According to the first method, microbial pellets were resuspended in 100 μl of extraction buffer (2% SDS, 100 mM DTT, 20 mM Tris-HCl pH 8.8), incubated at 95°C for 20 min in agitation (500 rpm) in a Thermomixer Comfort (Eppendorf, Hamburg, Germany), and centrifuged at 20,000 × g for 10 min at 4°C, with the final supernatant being the protein extract.

According to the second method, microbial pellets were first resuspended in the above mentioned extraction buffer and incubated at 95°C as described above and then subjected to bead-beating combined with freeze-thawing as follows. A steel bead (5-mm diameter; Qiagen) was added to each sample, and samples were sequentially incubated at −80°C for 10 min, subjected to bead-beating for 10 min (30 cycles/s in a TissueLyser LT mechanical homogenizer, Qiagen), incubated at −80°C for 10 min and then at 95°C for 10 min, and subjected to a further 10-min bead-beating step. Samples were finally centrifuged at 20,000 × g for 10 min at 4°C, with the final supernatant being the protein extract.

Protein extracts obtained through both methods from each microorganism were quantified using the 2-D Quant Kit (GE Healthcare, Little Chalfont, UK), as per manufacturer’s instructions.

Mock microbial mixtures and fecal sample

Proteins were extracted from the 9MM, 4MUM, and MFM samples according to the method based on sample heating in SDS-based buffer plus bead-beating/freeze-thawing, as described above, and the volume of extraction buffer added was 500, 100, and 200 μl, respectively.

Filter-aided sample preparation

Protein extracts obtained from 9MM, 4MUM, and MFM were subjected to on-filter reduction, alkylation, and trypsin digestion according to the FASP protocol [27], with slight modifications detailed elsewhere [66]. Briefly, protein extracts were diluted tenfold in 8 M urea, loaded into Microcon Ultracel YM-30 filtration devices (Millipore, Billerica, MA, USA), and centrifuged at 14,000 × g for 15 min. The concentrates were then diluted in 8 M urea and centrifuged again. After centrifugation, proteins were reduced in 10 mM DTT for 30 min and then alkylated in 50 mM iodoacetamide for 20 min. After five washes (three in 8 M urea and two in ammonium bicarbonate), trypsin solution was dispensed on the filter (1:100 enzyme-to-protein ratio), and the samples were incubated at 37°C overnight. Peptides were collected by centrifugation followed by an additional wash with an elution solution (70% acetonitrile plus 1% formic acid). Finally, the peptide mixture was brought to dryness and reconstituted in 0.2% formic acid to an approximate final concentration of 1 mg/ml.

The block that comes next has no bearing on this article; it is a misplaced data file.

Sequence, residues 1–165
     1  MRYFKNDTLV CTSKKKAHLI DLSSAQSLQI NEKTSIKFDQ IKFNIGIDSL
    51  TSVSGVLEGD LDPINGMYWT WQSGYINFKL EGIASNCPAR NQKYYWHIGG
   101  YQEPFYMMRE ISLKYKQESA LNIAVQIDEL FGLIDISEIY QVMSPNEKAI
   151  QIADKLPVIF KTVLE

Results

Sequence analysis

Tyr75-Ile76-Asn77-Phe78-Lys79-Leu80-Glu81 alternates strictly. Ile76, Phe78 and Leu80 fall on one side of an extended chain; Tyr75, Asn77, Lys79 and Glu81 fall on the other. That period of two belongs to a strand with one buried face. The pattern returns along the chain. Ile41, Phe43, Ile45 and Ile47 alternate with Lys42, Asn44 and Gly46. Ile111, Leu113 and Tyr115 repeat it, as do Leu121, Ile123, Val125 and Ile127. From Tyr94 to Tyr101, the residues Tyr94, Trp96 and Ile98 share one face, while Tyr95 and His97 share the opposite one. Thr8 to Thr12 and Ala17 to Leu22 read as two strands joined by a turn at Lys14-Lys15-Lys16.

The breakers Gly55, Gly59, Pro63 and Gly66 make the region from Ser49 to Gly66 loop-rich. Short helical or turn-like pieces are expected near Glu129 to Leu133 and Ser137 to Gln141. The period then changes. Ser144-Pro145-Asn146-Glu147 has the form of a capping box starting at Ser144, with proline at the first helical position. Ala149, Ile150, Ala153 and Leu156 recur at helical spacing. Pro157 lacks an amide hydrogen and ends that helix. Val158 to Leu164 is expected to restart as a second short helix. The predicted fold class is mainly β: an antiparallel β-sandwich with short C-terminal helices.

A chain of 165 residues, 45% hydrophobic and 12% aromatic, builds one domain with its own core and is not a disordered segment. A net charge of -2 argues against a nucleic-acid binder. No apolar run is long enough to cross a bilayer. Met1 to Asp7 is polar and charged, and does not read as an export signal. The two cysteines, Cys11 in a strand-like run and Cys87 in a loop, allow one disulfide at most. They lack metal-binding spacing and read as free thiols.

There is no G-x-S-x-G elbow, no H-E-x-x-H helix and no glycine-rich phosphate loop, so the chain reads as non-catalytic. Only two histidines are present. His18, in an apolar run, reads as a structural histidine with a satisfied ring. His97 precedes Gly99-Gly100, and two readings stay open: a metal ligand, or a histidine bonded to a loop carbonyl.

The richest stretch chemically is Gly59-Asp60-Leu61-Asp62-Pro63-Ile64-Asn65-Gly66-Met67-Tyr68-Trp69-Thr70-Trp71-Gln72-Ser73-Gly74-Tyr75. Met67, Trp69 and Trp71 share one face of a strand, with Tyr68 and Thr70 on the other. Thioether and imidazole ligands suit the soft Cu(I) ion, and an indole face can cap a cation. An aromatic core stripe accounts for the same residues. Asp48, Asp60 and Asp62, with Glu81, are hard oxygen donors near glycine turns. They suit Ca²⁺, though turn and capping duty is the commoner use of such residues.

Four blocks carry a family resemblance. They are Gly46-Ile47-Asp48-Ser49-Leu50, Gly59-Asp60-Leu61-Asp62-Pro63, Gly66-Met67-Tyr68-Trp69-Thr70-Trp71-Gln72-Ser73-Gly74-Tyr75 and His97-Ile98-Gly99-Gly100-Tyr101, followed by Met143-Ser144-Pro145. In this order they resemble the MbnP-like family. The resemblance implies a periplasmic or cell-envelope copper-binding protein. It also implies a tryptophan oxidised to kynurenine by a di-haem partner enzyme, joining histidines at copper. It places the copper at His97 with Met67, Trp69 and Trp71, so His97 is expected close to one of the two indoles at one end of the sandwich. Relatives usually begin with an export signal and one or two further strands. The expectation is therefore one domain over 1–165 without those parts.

Peptide mixture concentration was estimated by measuring absorbance at 280 nm with a NanoDrop 2000 spectrophotometer (Thermo Scientific, San Jose, CA, USA), using dilutions of the MassPREP E. Coli Digest Standard (Waters, Milford, MA, USA) to generate a calibration curve.

LC-MS/MS analysis

LC-MS/MS analyses were carried out using an LTQ-Orbitrap Velos mass spectrometer (Thermo Scientific) interfaced with an UltiMate 3000 RSLCnano LC system (Thermo Scientific). After loading, peptide mixtures (4 μg per run) were concentrated and desalted on a trapping pre-column (Acclaim PepMap C18, 75 μm × 2 cm nanoViper, 3 μm, 100 Å, Thermo Scientific), using 0.2% formic acid at a flow rate of 5 μl/min. The peptide separation was performed at 35°C using a C18 column (Acclaim PepMap RSLC C18, 75 μm × 15 cm nanoViper, 2 μm, 100 Å, Thermo Scientific) at a flow rate of 300 nL/min, using a 485-min gradient from 1% to 50% eluent B (0.2% formic acid in 95% acetonitrile) in eluent A (0.2% formic acid in 5% acetonitrile).